(3) Mark Wilson says these tunes are particularly common in the western Ozarks, the area covered by Vol 2. He clearly sees them as a 'missing link' in the development of Ragtime rather than a folk adaptation of the form, an idea which has often occurred to me. I would also add that 'Classic' Ragtime bears strong structural similarities to such Victorian forms as the Competition Hornpipe and the Polka, and in Britain this seems to have been instinctively recognized by traditional musicians - there are several recorded examples where they mix the two forms, e.g. Jimmy Andrews' superb 1930s recording of The Liverpool & High Level Hornpipes in which he breaks seamlessly into Down Home Rag.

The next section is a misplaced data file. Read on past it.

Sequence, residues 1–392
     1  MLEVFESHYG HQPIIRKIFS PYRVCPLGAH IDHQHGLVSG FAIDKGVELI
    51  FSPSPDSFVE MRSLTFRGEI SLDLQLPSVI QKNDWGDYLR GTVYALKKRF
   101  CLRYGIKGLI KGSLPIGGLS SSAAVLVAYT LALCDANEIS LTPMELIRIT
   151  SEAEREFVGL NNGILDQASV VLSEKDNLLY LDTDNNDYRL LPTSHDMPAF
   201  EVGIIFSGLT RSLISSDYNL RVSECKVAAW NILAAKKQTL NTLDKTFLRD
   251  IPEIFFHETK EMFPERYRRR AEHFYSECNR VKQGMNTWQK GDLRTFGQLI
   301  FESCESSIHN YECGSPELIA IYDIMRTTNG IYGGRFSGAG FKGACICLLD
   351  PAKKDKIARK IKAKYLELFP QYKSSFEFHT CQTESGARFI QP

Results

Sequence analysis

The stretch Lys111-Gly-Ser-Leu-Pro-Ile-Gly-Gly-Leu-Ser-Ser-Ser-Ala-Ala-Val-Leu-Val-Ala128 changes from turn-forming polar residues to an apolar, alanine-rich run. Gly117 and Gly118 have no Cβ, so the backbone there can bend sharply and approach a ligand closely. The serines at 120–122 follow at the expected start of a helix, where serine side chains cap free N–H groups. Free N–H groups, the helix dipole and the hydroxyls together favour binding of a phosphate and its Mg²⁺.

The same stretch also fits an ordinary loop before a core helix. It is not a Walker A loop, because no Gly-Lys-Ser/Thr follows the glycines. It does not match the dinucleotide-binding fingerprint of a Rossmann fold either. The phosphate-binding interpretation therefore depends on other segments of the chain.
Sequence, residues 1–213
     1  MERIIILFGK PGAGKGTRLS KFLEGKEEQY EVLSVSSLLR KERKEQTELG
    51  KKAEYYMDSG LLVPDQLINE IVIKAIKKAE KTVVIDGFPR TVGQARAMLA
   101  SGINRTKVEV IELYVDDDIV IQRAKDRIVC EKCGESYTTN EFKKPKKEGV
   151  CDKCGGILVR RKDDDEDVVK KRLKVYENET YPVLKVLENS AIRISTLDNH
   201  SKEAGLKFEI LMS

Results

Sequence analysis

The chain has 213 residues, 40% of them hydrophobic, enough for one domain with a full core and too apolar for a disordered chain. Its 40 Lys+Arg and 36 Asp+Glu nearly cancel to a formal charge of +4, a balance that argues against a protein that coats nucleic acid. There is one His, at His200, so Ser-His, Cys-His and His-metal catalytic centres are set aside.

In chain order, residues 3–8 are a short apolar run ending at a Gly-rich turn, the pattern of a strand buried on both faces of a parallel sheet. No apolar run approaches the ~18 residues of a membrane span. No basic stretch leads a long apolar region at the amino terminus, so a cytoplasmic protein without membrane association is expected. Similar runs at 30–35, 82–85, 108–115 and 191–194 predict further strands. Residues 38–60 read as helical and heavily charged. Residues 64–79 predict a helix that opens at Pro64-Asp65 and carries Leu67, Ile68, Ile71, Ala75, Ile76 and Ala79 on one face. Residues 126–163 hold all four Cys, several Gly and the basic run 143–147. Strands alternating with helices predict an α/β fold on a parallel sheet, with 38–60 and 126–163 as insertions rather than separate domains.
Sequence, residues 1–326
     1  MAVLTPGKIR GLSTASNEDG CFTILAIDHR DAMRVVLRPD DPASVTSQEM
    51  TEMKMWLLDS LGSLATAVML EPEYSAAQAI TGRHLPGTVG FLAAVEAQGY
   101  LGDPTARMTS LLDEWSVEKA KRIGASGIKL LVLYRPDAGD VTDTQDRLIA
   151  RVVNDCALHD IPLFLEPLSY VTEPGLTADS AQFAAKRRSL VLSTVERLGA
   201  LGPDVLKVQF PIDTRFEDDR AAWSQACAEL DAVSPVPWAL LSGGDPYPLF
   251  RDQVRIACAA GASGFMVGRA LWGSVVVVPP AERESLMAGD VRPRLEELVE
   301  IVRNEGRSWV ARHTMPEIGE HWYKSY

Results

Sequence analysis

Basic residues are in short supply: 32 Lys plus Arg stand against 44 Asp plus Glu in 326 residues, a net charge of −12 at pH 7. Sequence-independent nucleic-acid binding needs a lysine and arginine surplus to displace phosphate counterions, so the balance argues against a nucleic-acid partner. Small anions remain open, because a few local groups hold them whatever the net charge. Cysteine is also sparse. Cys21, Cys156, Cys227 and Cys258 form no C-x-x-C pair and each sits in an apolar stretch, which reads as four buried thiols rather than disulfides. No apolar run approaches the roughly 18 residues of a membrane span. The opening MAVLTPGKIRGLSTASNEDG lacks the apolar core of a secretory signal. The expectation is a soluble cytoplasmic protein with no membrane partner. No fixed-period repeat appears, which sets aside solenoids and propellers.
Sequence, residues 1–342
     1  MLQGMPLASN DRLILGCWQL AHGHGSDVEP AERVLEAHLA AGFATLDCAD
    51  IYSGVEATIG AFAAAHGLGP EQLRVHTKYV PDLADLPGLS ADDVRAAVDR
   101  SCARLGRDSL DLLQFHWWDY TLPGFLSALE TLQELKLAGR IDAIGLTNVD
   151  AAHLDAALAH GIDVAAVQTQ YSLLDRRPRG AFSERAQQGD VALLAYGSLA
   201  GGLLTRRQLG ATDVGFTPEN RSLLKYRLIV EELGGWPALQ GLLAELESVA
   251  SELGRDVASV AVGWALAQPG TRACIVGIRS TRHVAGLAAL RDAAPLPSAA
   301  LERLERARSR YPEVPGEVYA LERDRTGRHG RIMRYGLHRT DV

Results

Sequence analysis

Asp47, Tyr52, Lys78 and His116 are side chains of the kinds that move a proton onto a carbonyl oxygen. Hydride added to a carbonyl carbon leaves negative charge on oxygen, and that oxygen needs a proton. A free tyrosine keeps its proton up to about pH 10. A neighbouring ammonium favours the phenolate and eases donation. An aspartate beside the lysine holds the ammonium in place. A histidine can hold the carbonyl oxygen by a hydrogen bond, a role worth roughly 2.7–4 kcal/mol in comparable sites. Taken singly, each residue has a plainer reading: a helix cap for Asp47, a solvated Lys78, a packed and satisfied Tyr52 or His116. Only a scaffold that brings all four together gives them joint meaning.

(4) both very reminiscent of the 'militia marches' so popular among 19th century English fiddlers, down to the typically crooked structure with extra and missing bars that is such a feature of these tunes in England too - you wonder just what sort of marching was being done to them.
(5) wait whilst I put on my anorak ... Hensley is a fairly rare midlands English name which has ramified considerably in the American south and continually crops up in the context of Southern music - several Hensleys were champion fiddlers - one achieved extra notoriety for shooting his wife sometime in the '40s - the Hensleys of Carmen, North Carolina and Clay County, Kentucky were amongst Cecil Sharp's most prolific informants - Patsy Cline's maiden name was Hensley, etc, etc ... Stop yawning in the corner!